Extreme Makeover Eating like a bird may extend your life. But is it worth it?
By Grainger David

(FORTUNE Magazine) – I recently went by Paul McGlothin's house in Westchester County, N.Y., to watch him eat breakfast. At 5:45 in the morning he began his first course by measuring out exactly eight ounces of unsweetened cranberry juice on his Tanita 1458N digital scale. McGlothin had been up since four, when he had a glass of water with lemon juice. He told me he had consumed exactly zero calories since yesterday at lunch. I thanked him for letting me come by so early in the morning. "It's not early for me!" he said. "I've been up working for two hours. I'm lucid. I'm feeling great. And the last time I ate was 17 hours ago!"

McGlothin, who declines to give his exact age but says he is in his mid-50s, is the head of a 40-person advertising company called Arts for Business. He is also a serious practitioner of caloric restriction (CR)--an extreme diet that purports to dramatically extend human life. While it's not yet scientifically proven to work in people, tests have shown that it does work in critters like mice (see www.calorierestriction.org for more information). The idea: If you eat 30% fewer calories than is natural for your body type, you'll live 30% longer. For most of us, CR sounds like a living hell. But how awful is it, exactly? Is living to 100 worth the torture?

To find out, I spent a day with McGlothin, who has been on CR for ten years. (He works at home in the mornings and heads to the office in the afternoons.) He eats between 1,900 and 2,000 calories a day--the equivalent of one Whopper with cheese, large fries, and a chocolate shake --and is, as you might expect, a very skinny guy. At almost 6 feet tall, he weighs 133 pounds and has a 30-inch waist. When we shook hands, I noticed that the band on his Ironman watch--pulled all the way to the last notch--stuck out like a ripcord.

Here's what he consumed after the lemon water and cranberry juice:

6 A.M. Tea made from orange peels, lemon peels, dandelion, burdock, ginger, and a Chinese green tea packet.

6:15 A.M. A cup of brewer's yeast. McGlothin pours 20 grams of the powder into a glass of tea, mixes it into a tan paste, and eats it with a spoon: "I love the taste of this stuff!" I have a cup and find it to be surprisingly tolerable, despite a somewhat gruelish consistency.

6:30 A.M. A 72-gram piece of salmon, about as big as a king-sized candy bar.

7:00 A.M. A bowl of blanched oranges, nonfat kefir, and two tablespoons of lecithin. (Bland fruit in a bitter, yogurt-like substance with little globs of dried soybean oil mixed in. Yummy.)

8:18 A.M. Two cups of soup made from beets, onion, green peas, broccoli, and mustard seeds that McGlothin made the night before. He enters the calories into a program on his laptop called NutriBase Clinical Nutrition Personal Food Manager. (Mustard seed, six grams: 28 calories; broccoli, 70 grams: 20 calories.)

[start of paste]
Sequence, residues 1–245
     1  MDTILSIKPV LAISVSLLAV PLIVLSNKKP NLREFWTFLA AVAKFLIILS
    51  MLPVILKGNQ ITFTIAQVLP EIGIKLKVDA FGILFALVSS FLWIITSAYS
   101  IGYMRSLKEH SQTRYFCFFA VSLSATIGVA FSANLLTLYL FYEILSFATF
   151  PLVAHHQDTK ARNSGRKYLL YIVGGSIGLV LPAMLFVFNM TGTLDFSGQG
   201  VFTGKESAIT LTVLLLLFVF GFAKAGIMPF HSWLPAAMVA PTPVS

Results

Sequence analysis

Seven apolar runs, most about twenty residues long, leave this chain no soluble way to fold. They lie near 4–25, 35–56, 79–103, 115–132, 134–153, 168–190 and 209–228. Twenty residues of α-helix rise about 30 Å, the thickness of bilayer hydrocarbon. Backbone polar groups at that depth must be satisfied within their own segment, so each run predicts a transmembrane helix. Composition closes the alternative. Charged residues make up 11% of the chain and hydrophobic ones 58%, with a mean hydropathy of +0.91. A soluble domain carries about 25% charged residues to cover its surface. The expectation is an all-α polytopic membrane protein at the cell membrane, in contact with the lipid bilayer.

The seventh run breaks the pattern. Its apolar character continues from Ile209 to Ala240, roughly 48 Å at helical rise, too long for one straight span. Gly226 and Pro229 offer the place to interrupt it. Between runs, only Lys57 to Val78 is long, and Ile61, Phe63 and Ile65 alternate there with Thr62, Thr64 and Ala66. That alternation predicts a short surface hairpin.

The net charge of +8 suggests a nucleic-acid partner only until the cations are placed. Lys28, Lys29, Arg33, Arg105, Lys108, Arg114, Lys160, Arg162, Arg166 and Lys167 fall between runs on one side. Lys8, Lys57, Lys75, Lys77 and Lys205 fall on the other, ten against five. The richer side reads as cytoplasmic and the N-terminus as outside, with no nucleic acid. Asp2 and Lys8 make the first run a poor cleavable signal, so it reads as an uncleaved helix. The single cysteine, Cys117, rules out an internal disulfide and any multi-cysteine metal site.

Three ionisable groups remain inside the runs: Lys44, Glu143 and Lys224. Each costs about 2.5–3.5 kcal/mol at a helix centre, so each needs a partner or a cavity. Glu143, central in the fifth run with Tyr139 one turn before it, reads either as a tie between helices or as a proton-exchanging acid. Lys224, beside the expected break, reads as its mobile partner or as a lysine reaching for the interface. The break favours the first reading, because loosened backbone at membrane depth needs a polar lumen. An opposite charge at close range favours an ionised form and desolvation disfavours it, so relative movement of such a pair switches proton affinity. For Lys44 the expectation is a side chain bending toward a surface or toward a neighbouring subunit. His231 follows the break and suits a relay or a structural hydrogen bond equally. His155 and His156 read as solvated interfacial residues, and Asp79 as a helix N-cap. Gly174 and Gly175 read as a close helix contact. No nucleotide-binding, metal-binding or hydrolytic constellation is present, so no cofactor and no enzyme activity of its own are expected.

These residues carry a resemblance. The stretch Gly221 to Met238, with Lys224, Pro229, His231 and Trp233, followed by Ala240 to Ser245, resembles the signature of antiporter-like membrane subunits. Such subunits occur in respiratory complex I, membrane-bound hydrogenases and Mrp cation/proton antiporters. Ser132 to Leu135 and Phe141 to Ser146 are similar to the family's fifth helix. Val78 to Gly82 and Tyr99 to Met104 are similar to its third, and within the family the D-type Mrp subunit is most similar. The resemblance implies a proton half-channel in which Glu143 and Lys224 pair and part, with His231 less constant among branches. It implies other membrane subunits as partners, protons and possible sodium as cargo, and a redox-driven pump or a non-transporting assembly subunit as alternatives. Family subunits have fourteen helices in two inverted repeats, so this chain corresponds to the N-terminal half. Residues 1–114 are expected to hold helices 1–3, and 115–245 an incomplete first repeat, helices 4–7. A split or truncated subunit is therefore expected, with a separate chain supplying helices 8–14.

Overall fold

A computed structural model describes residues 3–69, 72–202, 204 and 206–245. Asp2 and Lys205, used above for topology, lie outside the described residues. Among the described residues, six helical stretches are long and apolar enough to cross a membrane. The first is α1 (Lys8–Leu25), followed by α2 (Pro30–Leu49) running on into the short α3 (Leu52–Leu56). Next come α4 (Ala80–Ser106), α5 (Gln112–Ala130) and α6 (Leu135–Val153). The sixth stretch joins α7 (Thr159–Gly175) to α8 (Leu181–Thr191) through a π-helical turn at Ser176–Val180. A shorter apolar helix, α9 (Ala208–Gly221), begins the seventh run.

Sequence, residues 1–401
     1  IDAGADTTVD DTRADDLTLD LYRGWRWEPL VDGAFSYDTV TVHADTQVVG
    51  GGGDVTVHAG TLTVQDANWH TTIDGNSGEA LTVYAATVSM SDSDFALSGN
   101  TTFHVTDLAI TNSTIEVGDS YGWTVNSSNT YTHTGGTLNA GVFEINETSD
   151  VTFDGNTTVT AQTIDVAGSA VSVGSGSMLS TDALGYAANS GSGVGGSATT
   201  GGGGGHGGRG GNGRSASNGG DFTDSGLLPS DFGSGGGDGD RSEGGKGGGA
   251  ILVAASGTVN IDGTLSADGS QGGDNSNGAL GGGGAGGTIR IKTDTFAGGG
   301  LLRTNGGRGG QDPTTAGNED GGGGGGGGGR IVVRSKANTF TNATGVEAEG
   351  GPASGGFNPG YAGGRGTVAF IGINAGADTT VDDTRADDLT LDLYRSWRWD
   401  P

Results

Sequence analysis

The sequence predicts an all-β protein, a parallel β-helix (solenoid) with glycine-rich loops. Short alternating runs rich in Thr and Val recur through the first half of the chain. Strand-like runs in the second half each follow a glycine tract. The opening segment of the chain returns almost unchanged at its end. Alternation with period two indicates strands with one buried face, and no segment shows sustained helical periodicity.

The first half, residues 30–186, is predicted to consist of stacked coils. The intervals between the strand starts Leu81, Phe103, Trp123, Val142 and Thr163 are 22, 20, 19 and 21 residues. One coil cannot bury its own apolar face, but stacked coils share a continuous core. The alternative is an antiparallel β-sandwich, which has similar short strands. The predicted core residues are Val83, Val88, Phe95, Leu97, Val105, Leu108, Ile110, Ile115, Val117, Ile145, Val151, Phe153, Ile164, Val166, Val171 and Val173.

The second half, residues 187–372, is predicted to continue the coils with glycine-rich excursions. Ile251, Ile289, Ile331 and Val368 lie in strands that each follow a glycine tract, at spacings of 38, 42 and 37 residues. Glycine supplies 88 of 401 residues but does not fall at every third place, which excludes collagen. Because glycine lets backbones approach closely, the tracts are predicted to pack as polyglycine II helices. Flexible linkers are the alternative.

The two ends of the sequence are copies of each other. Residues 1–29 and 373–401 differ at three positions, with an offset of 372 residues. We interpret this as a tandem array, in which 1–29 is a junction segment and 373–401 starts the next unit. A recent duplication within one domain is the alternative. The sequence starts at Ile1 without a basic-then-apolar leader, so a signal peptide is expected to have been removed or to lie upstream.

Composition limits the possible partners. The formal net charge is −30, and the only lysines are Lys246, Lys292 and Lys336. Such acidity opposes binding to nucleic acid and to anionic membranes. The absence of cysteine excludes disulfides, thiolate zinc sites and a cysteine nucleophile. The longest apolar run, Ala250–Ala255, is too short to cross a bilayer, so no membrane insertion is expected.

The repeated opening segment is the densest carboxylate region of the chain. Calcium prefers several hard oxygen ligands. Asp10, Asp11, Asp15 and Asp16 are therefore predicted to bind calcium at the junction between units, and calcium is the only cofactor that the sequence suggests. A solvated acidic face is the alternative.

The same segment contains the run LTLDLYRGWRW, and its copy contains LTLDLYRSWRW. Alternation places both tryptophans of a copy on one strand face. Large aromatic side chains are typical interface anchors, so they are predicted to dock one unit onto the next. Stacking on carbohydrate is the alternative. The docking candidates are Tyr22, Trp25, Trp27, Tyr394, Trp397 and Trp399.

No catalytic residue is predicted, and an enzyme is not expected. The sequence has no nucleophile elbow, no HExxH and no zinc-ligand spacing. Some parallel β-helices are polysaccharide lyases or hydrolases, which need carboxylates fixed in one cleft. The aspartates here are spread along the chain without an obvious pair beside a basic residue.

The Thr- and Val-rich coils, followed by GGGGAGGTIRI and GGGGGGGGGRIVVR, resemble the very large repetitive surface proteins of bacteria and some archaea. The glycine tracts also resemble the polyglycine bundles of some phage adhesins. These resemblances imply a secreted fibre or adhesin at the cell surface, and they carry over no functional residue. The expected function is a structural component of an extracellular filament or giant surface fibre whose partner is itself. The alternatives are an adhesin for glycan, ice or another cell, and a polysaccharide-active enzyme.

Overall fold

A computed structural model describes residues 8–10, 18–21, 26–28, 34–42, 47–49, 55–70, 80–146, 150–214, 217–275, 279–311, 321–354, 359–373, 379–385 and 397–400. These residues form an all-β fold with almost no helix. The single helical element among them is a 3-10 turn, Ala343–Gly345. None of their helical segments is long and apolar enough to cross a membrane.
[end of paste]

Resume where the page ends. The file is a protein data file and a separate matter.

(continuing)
11:21 A.M. Lentils and walnuts mixed with Very Veggie, an organic vegetable cocktail from concentrate, and sprinkled with the contents of a Curcumin 95 capsule (an antioxidant).

11:42 A.M. Blueberries and walnuts mixed into kefir.

11:48 A.M. More lentils. (McGlothin's wife, Meredith Averill, who follows the diet too, admits that she's "coveting more salmon" but resists the urge.)

12:05 P.M. Yet another bowl of lentils, this time with olive oil and garlic.

12:20 P.M. A bowl of sweet potatoes lightly steamed, "kind of al dente," with kefir.

12:42 P.M. Soup with organic spinach, mushrooms, and beets.

1:05 P.M. A few more walnuts.

And that's it for the day, except for a couple of pieces of sugar-free chewing gum. Abstaining from food after lunch helps keep him alert, McGlothin says: "How many people fall asleep after lunch and are really doing nothing at work after that?" I know at least one.

I ask him about some common complaints about life on CR, such as feeling cold all the time. "I always feel fine in the summer, and that's the season when people have strokes," says McGlothin. Does he have feelings of depression? Eating salmon makes him feel "optimistic" and "positive." What about a reduced sex drive? "Not a problem in our house!" he says. "Though testosterone definitely goes down, but that's cancer-protective." He adds that his heart rate, body fat, and blood pressure are "about those of an Olympic swimmer."

As McGlothin practices it, CR is difficult, certainly, but not quite as outrageous as I'd expected. He seems determined rather than loony, and he has lots of interesting things to say about what foods are good for conference calls (whey) or for multitasking (chicken). It is enough to make me want to go on a diet myself. Almost.

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